At the beginning of November, I travelled with Bishop Michael to Taiwan. This trip, marking the second decade of the partnership agreement between our dioceses, was designed to look ahead and to plan a new series of joint projects together. In 2009, Bishop David Lai invited youth delegates at Diocesan Synod to visit Taiwan and one of the purposes of this trip was to start bringing that vision to reality!
We began our visit at St. John’s Cathedral, Taipei for the signing of the new partnership agreement. I had been warned that Taiwanese services are a little longer than their Canadian counterparts. I soon discovered why. After the sermon a crowd quickly formed up at the altar. It appeared they were waiting for a blessing, but it transpired that they were actually there to be baptized. And then, just when that excitement died down, another crowd formed around the bishops. These were candidates for confirmation. It was a great lead-in to the signing ceremony itself, which Bishop Michael remarked has a weekly significance in both dioceses as we pray for each other’s parishes in our regular prayer cycles.
(Image: Reverend Leonard Chang the Chaplain of St. John's University with Phil)
After church we went to lunch with Tina, the daughter of Dean Samuel Lin. Tina spoke about how many
of her friends found conversing in English a challenge, as there are few fluent English-speakers in Taiwanese schools. She had an advantage, having spent a summer in Vancouver at a language school a few years before. We also compared notes about the typical lifestyles of Taiwanese and Canadian high-schoolers. There were a lot of points of crossover, from the importance of achievement being felt right throughout the system, to the multitude of extracurricular activities all vying for time and attention. And, yes, Taiwanese choirs don’t just sing Taiwanese songs. They also sing Mamma Mia.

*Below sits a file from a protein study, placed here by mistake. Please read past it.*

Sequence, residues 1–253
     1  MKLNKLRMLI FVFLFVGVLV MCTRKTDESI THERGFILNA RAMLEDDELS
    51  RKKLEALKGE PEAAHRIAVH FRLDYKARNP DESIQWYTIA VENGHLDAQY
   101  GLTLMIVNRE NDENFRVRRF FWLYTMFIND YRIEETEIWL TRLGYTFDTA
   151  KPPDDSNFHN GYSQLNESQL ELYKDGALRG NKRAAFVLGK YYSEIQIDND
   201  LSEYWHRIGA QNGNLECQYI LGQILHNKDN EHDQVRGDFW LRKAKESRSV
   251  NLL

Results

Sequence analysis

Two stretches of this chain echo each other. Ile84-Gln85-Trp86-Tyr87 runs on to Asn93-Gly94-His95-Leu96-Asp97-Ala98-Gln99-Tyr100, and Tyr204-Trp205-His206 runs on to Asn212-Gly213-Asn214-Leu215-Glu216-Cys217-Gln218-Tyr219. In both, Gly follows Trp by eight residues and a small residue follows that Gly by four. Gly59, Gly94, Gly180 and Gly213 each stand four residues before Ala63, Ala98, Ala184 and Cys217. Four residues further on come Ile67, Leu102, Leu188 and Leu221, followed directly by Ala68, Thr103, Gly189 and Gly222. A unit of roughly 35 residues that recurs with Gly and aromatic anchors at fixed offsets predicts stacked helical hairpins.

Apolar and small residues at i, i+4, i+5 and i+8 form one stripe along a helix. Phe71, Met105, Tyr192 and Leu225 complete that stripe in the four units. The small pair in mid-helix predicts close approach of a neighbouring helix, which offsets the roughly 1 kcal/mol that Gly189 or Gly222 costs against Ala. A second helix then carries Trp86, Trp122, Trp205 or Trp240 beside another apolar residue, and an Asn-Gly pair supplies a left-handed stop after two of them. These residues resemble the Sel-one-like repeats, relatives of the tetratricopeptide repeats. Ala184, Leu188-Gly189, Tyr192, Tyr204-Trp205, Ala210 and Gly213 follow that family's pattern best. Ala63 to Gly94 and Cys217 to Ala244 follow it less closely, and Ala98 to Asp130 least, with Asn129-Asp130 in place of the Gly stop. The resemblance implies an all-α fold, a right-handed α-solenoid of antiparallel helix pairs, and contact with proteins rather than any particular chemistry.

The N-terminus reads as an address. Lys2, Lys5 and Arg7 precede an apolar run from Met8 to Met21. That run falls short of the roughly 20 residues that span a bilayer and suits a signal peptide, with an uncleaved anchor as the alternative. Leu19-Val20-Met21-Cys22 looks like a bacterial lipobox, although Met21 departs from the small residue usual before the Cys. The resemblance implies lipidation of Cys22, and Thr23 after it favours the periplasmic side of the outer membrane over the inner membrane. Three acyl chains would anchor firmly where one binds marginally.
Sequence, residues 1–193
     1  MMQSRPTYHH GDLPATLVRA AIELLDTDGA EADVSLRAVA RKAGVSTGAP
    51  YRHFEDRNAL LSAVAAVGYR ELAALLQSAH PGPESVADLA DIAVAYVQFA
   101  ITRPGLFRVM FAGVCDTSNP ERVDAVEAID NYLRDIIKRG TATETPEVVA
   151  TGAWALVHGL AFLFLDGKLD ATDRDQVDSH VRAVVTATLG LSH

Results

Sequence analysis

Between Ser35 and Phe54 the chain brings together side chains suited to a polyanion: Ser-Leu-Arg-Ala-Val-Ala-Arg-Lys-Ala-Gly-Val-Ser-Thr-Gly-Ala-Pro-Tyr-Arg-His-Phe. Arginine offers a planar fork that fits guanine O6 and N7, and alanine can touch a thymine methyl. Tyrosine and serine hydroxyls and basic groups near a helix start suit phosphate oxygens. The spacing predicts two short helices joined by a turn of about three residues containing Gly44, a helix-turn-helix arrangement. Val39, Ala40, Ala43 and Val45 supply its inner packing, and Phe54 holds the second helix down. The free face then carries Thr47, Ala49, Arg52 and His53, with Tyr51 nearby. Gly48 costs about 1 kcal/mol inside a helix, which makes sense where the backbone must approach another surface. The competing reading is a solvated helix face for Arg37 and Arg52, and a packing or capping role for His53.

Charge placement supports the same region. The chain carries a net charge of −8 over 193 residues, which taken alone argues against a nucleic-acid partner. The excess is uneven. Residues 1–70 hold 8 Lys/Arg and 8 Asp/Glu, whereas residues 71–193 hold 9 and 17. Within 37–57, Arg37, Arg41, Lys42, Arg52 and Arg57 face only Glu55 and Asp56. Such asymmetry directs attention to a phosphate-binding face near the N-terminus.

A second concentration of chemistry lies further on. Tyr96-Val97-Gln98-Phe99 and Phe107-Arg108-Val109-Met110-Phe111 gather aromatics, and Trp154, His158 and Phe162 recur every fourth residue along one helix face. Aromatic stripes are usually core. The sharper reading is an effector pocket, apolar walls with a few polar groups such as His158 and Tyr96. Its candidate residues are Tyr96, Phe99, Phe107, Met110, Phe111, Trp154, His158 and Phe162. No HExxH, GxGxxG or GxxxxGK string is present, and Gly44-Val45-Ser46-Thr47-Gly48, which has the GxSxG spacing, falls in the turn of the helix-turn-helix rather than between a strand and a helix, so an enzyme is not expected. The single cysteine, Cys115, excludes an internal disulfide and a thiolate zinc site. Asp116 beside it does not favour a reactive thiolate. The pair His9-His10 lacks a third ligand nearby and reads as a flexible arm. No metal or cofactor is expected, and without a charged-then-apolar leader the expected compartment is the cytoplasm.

The next stage of our journey was to join clergy at their retreat in the southern city of Kaoishung. We joined fourteen clergy from around Taiwan for a series of very lively sessions, discussions and question and answer periods. Some of the sessions were conducted solely in Mandarin (which gave the English-speaking contingent the chance to explore some of the local sights) but many were carefully translated by some of the bilingual speakers at the retreat. What was interesting to me was how familiar a lot of the questions and discussions were. How do we engage congregations in worship? How can we adapt liturgy to speak to those who have never connected with it?
This was also true when I led a discussion about youth ministry. I asked the Taiwanese clergy to tell me what life is like for young people in Taiwan. There were some good observations, but also a lot of trepidation and silence. I let them know that’s often the same response I get in Canada! It’s okay to admit we may not know certain groups of people in our congregations very well — our challenge is to go and spend time with them and begin to understand the world how they see it. It was an encouraging discussion. It created an atmosphere where we were able to swap ideas for a youth visit in 2011. This exchange of ideas was from the perspective of youth ministry rather than just what we, the adults, might want to see happen.
After the clergy conference and a return to Taipei by High Speed Rail (having never been to Japan, this was my first experience of the legendary bullet trains) I visited St. John’s University to meet with the faculty and the Episcopal church chaplaincy to continue to develop a project for 2011. We talked about how we could build upon the last visit of Canadian youth to Taiwan back in 2002, and how we could take advantage of developments in the university since that time. What we came up with was an exciting idea to partner with existing students in the English language department at the university, helping them to improve their confidence in English through a week of activities and conversation with visiting Canadians. Then, we would stay with them and help them to lead a week of activities for prospective students. A chance not just to visit and share our experiences, but also to help each other to lead others!
It was a fascinating, exciting visit and hopefully just the beginning for even more exciting work with the Diocese of Taiwan in the future!
Image: Lanterns on the ceiling of a Buddhist temple in downtown Taipei